Unity makes for stronger, more effective opposition

I agree with Mr Kwan Jin Yao that the opposition parties need to get their own houses in order before they can mount any serious challenge to the ruling party in future elections ("Opposition parties must take long-term view"; Feb 12).

On the one hand, the People's Action Party (PAP) has established itself well over its five decades in power. Besides its enviable track record, it has assembled a corps of candidates who possess experience and expertise - traits that have won over many Singaporean voters.

Crucially, the PAP has constantly evolved its political platform in response to changing needs in changing times. Such adaptability is, perhaps, the most important ingredient in its enduring appeal.

These attributes make the PAP a formidable political force, difficult to overcome on the campaign trail and at the ballot box.

On the other hand, the opposition's electoral successes thus far have been limited to the Workers' Party wards and, previously, Mr Chiam See Tong's Potong Pasir.

While the opposition has fielded an increasing number of high-quality candidates in recent years, the slate as a whole cannot quite match the pedigree of the ruling party.

Much of this weakness can be attributed to the fragmented nature of the opposition.

First, having a multitude of small parties with multiple manifestos sends a somewhat muddled message to the electorate - I suspect that the average voter cannot readily distinguish between the proposals of the various opposition parties.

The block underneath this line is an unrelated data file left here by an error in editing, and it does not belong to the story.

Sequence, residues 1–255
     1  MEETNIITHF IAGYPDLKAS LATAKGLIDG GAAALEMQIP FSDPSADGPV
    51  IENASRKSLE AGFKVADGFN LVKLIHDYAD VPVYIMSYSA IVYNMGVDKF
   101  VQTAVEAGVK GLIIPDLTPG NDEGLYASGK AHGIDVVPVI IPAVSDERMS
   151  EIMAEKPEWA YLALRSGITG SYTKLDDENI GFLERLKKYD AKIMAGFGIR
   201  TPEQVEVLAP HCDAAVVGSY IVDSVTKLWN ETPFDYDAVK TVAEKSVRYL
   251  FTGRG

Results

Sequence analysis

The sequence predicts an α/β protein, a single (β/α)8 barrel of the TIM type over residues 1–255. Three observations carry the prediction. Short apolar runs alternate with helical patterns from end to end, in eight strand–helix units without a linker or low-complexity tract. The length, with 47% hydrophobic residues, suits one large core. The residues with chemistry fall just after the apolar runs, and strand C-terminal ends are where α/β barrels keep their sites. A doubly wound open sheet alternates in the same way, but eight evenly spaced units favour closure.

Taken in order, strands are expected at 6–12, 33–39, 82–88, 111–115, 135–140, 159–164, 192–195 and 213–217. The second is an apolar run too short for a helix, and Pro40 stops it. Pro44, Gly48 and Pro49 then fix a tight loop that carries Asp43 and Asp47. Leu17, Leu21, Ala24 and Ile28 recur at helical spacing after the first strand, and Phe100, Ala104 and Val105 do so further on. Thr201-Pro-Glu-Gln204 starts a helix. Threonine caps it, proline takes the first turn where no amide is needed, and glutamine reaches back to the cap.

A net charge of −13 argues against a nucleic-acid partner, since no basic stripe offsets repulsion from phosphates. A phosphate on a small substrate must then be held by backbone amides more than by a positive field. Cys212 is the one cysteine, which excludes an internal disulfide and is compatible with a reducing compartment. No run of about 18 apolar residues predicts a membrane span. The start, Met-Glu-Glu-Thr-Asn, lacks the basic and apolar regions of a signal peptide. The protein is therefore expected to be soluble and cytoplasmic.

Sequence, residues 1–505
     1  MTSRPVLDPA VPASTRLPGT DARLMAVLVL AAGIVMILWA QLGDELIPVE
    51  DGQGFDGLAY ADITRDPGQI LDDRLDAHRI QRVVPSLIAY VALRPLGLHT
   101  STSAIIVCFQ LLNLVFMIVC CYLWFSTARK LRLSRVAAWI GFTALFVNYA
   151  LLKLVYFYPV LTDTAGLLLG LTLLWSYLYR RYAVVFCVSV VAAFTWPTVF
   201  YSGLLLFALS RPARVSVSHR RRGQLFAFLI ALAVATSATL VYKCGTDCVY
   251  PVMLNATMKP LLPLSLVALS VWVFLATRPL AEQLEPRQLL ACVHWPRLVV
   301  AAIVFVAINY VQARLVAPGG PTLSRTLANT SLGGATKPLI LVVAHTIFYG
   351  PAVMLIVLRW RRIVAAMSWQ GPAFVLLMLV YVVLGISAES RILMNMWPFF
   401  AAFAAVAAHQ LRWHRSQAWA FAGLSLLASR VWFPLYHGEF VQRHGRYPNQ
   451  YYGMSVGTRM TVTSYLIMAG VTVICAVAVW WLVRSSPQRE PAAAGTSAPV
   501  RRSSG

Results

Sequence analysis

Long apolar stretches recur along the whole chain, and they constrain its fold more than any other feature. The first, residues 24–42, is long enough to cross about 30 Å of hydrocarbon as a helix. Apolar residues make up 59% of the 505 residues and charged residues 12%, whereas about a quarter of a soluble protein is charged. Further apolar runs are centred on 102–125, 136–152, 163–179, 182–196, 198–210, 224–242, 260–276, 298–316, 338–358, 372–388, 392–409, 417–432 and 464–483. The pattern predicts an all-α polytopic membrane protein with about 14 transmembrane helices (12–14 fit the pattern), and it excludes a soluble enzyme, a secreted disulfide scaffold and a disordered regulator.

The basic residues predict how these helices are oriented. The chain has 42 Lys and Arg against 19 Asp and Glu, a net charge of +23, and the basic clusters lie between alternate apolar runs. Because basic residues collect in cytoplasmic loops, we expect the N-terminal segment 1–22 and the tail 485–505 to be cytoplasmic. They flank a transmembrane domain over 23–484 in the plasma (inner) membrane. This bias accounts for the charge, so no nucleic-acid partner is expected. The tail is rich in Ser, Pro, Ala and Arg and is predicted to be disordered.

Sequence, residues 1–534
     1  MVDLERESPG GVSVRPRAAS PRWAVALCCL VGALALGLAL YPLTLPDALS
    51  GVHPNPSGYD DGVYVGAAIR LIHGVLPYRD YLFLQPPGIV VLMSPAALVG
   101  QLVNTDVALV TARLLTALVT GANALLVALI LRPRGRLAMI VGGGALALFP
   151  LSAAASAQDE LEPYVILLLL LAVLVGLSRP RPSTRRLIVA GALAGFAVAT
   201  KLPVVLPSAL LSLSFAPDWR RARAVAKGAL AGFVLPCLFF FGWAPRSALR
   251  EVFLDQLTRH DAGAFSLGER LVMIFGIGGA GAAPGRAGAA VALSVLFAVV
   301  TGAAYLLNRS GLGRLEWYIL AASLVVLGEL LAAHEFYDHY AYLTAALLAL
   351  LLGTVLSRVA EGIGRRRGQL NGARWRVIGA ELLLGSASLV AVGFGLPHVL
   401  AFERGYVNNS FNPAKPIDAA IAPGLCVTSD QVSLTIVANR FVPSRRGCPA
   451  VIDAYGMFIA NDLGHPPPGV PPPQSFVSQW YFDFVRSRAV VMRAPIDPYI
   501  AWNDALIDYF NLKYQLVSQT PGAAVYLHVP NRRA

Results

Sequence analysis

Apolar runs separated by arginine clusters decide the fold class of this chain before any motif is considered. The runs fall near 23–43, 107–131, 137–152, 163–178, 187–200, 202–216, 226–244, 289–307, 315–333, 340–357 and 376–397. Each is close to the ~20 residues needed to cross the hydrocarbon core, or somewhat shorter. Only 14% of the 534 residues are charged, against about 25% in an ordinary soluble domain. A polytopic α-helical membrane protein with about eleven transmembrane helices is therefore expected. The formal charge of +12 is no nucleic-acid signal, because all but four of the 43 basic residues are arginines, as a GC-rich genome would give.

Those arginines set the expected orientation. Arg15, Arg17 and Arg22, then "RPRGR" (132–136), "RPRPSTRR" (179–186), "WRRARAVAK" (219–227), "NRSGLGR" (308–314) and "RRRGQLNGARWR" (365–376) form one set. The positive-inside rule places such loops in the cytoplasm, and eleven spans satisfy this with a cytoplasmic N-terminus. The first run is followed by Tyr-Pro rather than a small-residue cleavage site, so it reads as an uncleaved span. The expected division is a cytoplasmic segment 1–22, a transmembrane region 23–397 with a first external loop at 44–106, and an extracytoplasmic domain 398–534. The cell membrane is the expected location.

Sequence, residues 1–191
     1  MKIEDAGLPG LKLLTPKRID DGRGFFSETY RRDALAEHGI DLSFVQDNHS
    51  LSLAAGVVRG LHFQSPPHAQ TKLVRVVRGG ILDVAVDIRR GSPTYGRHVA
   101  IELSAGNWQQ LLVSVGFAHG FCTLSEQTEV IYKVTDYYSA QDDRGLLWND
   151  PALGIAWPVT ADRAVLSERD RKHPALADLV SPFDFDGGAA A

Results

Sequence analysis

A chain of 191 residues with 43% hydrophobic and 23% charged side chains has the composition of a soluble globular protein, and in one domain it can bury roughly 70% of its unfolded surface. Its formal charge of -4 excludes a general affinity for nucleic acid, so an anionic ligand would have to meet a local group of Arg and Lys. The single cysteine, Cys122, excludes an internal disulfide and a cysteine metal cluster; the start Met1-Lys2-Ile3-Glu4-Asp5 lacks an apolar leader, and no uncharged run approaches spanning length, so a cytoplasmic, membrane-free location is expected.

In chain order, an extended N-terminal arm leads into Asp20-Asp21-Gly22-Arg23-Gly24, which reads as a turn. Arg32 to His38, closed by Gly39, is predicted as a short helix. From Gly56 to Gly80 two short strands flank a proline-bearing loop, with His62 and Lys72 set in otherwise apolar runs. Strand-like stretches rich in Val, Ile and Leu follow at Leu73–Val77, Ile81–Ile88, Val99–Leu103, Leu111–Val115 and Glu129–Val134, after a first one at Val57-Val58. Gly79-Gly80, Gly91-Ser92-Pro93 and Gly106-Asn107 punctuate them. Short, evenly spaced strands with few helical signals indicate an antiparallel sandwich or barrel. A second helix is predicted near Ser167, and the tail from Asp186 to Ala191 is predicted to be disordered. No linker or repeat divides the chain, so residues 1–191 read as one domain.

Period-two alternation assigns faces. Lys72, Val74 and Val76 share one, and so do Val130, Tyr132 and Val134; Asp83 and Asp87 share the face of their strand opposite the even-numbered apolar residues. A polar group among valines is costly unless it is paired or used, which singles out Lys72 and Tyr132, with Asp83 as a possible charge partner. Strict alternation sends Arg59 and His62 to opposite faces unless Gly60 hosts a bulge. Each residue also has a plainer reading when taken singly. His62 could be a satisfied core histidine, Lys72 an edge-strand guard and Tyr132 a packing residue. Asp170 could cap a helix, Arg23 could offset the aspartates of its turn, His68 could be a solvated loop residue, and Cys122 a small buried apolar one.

This scattershot of rhetoric might be drowned out by the PAP's singular, resonant platform.

Second, promising political newcomers might be dispersed among multiple opposition political parties, as opposed to being fielded as a single, strong line-up that would stand a better chance at the polls.

Third, the opposition's grassroots presence between elections leaves much to be desired.

Fourth, smaller parties simply lack the means to mount large-scale campaigns.

A consolidated opposition front would enable much clearer articulation of policy proposals and rebuttals, as well as shared resources to augment presence on the ground.

It would also create a centralised pool of candidates that would not only be strong, but also more effective at attracting and amassing fresh talent.

To improve their electoral performance and to better represent the electorate, the opposition parties should consider joining forces by coalition or merger.

Paul Chan Poh Hoi